* Notes *
The Mark Morris Dance Group (pictured left, photograph by Beatriz Schiller) opened the new season at Cal Performances with Dido and Aeneas yesterday evening. The audience seemed completely rapt by the experience, and I have never attended a Baroque opera with so little fidgeting or noise. Morris fills all the music with choreography, so there is not a moment in which audience members feel comfortable speaking, especially since the work is only an hour long without an intermission. The dancing is unsentimental and not overly pretty. Limbs were thrown about at angles, and looked rather different on each of the 12 dancers. There were times when the choreography was much more like miming than dancing, and Morris is not shy of being crude. Humor was infused into many of the scenes, especially when dealing with witches or sailors. The dancers characterized their different roles clearly.
The Philharmonia Baroque Orchestra started off less crisply than usual under Mark Morris himself, but did often sound lovely. There was a slight squeaky quality to the dance at the end of Scene 2. The chorus also sounded fine. Since all of the singing was from the pit, most of the soloists sounded a bit like they were singing from the bottom of a well. Soprano Yulia Van Doren (Belinda, First Witch) sang prettily, and soprano Céline Ricci (Second Woman, Second Witch) was distinct from her. Brian Thorsett sounded bright though not hefty as the Sailor. Philip Cutlip (Aeneas) sang with warmth and lightness. Stephanie Blythe gave a vivid performance as both Dido and the Sorceress. Her voice has both volume and gravity.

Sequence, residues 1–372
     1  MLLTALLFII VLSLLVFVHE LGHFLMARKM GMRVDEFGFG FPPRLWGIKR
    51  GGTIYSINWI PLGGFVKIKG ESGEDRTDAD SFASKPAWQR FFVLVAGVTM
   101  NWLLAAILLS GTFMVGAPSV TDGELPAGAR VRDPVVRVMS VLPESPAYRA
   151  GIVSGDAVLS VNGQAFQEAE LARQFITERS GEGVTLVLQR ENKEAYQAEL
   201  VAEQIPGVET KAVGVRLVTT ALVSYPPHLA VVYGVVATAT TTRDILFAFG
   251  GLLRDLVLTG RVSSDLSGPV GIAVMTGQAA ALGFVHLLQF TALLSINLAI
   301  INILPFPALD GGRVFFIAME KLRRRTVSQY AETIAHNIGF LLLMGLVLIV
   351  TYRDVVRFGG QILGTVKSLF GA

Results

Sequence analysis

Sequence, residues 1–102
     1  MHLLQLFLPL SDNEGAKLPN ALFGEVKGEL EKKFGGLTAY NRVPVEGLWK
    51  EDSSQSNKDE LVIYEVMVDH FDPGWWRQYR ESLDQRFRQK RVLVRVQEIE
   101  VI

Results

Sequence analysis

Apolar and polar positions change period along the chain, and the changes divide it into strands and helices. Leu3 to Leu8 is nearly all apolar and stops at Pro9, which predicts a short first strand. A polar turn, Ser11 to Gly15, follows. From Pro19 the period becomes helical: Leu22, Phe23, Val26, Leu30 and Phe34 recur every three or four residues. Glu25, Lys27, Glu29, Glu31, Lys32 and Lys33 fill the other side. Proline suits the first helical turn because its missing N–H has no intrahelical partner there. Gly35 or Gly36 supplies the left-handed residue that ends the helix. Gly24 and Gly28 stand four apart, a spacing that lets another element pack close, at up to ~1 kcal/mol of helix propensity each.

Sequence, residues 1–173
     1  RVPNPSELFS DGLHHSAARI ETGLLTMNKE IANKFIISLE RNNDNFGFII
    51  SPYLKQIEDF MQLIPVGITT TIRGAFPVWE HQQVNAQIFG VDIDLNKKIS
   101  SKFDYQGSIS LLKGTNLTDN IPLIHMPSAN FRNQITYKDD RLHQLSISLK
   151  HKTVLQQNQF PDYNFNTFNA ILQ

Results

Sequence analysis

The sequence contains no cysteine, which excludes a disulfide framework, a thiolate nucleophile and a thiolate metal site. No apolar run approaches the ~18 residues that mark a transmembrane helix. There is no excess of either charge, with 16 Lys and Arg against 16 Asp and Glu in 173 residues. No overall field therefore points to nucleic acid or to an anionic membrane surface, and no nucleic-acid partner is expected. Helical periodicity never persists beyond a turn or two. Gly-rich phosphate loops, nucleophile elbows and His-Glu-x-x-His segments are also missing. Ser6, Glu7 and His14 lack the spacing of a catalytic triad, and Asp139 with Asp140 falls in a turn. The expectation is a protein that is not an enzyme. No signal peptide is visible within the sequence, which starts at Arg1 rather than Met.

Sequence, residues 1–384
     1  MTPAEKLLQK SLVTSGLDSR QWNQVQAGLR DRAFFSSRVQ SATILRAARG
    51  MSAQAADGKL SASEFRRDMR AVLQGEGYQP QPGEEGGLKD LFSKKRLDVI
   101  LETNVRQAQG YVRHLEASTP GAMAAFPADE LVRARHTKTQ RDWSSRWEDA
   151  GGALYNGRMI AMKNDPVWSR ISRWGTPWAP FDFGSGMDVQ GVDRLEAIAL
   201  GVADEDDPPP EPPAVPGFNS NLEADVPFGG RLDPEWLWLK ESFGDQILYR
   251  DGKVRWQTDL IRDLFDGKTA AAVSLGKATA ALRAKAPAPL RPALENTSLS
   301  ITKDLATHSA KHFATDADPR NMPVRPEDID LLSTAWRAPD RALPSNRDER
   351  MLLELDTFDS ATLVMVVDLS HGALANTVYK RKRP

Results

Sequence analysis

* Tattling *
The audience members around me were almost completely silent and no electronic noise was noted.